> the top or into the table top. Problem is: tablecloths! DAMNED
                            > TABLECLOTHS!
                            >
                            > http://www.theluttrells.com/LuttrellsAtTable.html
                            >
                            > You'll see a few photos of conjectural reconstructions that some folks
                            > have made. Some are basic joinery of 3 tapered legs mortised into a
                            > horizontal board, some have webs between the front pair of legs, and
                            > some are complex knock-down assemblies.
                            >
                            >
                            >
                            > --- In medievalsawdust@yahoogroups.com, "George Irvin" <jmcdade@>
                            > wrote:
                            > >
                            > > God morning everyone
                            > > I was wondering if someone could point me to info on those Saw horse
                            > type table legs arrangements( sorry not sure of thier proper name)
                            > Anything will help.
                            > > Thank you.
                            > > Geo.
                            > >
                            >
                          • Stan Hunter
                            The best image I know of showing the construction of table trestles, with no nasty table-cloths, is attached. Sir Stanford
                            Message 13 of 24 , Jan 9, 2009
                              The best image I know of showing the construction of table trestles, with no nasty table-cloths, is attached.
                               
                              Sir Stanford


                            • Wolf
                              Swe-e-e-e-t! Beautiful window, do you know anything about it? Where it is, when it was made, etc? (a request from SWMBO )
                              Message 14 of 24 , Jan 9, 2009
                                Swe-e-e-e-t!

                                Beautiful window, do you know anything about it? Where it is, when it
                                was made, etc?

                                (a request from SWMBO <g>)

                                On Fri, 2009-01-09 at 22:25 -0500, Stan Hunter wrote:
                                > The best image I know of showing the construction of table trestles,
                                > with no nasty table-cloths, is attached.
                                >
                                > Sir Stanford
                                >
                              • Hall, Hayward
                                Now all we need are plans for period monkeys. ________________________________
                                Message 15 of 24 , Jan 9, 2009
                                  Now all we need are plans for period monkeys.

                                  ________________________________


                                  On Fri, 2009-01-09 at 22:25 -0500, Stan Hunter wrote:
                                  > The best image I know of showing the construction of table trestles,
                                  > with no nasty table-cloths, is attached.
                                  >
                                  > Sir Stanford
                                  >
                                • Jeff Johnson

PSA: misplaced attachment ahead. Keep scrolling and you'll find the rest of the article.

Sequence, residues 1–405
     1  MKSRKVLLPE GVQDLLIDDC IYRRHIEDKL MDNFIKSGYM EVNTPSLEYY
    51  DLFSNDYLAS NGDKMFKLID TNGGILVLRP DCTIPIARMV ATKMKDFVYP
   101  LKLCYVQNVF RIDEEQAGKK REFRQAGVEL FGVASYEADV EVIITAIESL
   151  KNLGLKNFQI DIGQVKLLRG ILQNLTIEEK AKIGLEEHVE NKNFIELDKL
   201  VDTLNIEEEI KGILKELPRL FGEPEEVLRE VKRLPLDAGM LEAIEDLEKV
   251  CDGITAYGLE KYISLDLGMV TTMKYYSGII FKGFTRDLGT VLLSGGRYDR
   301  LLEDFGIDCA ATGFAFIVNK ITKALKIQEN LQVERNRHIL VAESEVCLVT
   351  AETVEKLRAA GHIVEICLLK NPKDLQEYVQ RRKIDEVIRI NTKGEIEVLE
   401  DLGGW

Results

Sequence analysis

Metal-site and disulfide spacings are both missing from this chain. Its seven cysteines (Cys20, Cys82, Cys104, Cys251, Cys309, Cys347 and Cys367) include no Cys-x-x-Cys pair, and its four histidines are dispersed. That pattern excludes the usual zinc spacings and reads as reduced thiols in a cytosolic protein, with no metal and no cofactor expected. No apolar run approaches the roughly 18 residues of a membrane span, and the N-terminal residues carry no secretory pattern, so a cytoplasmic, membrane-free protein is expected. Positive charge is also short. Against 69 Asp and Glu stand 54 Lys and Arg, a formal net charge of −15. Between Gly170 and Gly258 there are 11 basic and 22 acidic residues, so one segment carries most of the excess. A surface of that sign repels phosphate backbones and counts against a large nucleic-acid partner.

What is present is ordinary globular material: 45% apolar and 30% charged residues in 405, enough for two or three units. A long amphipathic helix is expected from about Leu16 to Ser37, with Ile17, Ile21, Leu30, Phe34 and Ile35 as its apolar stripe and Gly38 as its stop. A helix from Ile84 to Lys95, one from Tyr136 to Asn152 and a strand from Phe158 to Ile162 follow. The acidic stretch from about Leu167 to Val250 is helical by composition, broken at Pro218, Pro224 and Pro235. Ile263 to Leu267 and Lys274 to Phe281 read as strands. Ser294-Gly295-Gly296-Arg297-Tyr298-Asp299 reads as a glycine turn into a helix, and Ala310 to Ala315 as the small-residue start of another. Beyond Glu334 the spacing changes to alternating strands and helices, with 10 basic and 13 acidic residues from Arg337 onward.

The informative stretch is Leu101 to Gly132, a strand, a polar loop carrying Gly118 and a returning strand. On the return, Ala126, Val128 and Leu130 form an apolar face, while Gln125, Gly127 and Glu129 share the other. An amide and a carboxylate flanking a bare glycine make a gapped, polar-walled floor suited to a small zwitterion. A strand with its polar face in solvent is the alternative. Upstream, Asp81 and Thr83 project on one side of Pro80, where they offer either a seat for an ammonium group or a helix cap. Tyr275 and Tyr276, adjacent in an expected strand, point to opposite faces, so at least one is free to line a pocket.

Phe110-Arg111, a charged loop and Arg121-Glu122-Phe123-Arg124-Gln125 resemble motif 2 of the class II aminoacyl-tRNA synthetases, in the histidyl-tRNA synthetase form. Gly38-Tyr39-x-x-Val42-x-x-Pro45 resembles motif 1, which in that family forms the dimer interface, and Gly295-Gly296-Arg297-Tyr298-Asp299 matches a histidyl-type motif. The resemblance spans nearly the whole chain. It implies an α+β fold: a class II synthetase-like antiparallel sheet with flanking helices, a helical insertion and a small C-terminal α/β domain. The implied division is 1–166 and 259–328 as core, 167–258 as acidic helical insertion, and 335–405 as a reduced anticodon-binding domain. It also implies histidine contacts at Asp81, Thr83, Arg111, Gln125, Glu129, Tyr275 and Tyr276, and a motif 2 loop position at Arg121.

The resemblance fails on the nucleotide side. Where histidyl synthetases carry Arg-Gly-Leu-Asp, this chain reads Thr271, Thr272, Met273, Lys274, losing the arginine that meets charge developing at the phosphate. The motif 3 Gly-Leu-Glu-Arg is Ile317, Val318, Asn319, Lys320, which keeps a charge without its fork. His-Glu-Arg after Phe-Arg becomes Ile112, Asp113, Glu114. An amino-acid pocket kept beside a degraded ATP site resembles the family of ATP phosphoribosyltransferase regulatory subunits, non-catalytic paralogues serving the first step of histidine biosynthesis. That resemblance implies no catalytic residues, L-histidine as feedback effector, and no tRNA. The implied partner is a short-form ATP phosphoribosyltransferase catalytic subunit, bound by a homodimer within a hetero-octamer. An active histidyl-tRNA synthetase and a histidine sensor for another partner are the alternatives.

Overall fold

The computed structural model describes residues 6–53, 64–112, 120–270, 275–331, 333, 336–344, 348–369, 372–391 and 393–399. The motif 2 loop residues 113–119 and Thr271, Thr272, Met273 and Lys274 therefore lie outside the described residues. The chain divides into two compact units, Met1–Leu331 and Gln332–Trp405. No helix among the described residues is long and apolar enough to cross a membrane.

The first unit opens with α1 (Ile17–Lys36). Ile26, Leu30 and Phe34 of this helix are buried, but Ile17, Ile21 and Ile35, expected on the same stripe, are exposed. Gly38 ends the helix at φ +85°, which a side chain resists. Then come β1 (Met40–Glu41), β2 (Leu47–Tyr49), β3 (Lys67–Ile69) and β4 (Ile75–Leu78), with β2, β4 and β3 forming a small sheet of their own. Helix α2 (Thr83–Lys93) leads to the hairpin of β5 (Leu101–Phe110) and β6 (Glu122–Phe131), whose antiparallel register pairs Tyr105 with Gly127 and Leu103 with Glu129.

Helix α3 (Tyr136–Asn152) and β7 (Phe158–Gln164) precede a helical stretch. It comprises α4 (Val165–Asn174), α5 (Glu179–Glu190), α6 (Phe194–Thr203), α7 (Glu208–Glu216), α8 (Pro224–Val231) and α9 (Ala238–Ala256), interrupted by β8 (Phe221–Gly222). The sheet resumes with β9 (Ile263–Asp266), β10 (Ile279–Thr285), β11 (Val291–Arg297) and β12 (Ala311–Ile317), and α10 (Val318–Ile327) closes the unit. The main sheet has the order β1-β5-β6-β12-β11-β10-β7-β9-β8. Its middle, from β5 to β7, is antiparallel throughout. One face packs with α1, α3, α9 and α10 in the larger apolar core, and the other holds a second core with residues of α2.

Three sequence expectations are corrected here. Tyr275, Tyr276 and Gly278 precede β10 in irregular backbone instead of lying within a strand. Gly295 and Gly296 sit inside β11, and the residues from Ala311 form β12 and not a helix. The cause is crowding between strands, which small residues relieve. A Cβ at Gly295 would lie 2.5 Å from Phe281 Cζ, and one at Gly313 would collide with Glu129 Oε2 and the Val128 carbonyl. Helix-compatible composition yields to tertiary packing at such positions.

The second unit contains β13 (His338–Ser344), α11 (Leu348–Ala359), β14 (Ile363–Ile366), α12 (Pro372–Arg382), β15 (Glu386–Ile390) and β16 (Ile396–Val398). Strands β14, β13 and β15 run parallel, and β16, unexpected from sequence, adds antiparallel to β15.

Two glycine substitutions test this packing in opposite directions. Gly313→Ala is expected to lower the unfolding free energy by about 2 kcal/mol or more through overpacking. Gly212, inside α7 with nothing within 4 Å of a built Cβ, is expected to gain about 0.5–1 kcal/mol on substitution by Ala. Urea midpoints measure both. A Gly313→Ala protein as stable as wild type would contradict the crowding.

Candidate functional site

Why go all the way through the top? I ve played with pegs in the top of the legs and partway though the table top. You don t even need to make the holes in the
                                  Message 16 of 24 , Jan 12, 2009
                                    Why go all the way through the top? I've played with pegs in the top
                                    of the legs and partway though the table top. You don't even need to
                                    make the holes in the bottom of the top very precise - the objective
                                    is to pevent the top from sliding more than a inch or two.




                                    --- In medievalsawdust@yahoogroups.com, Conal O'hAirt Jim Hart
                                    <baronconal@...> wrote:
                                    >
                                    > An idea just came to me..... at least for a table top made up
                                    > of separate planks....
                                    >
                                    > It may not be documentable but it probably would work to
                                    > hold the outermost planks in place... or all of them for that matter
                                    > could be done this way....
                                    >
                                    > A pin with a shoulder that goes through the top into the
                                    > cross bar to hold the two outermost planks in place...
                                    > You would just drop it in then push it up from below to remove it
                                    >
                                    > Drawing link
                                    >
                                    >
                                    >
                                    > Baron Conal O'hAirt / Jim Hart
                                    >
                                    > Aude Aliquid Dignum
                                    > ' Dare Something Worthy '
                                    >
                                    >
                                    >
                                    >
                                    > ________________________________
                                    > From: AlbionWood <albionwood@...>
                                    > To: medievalsawdust@yahoogroups.com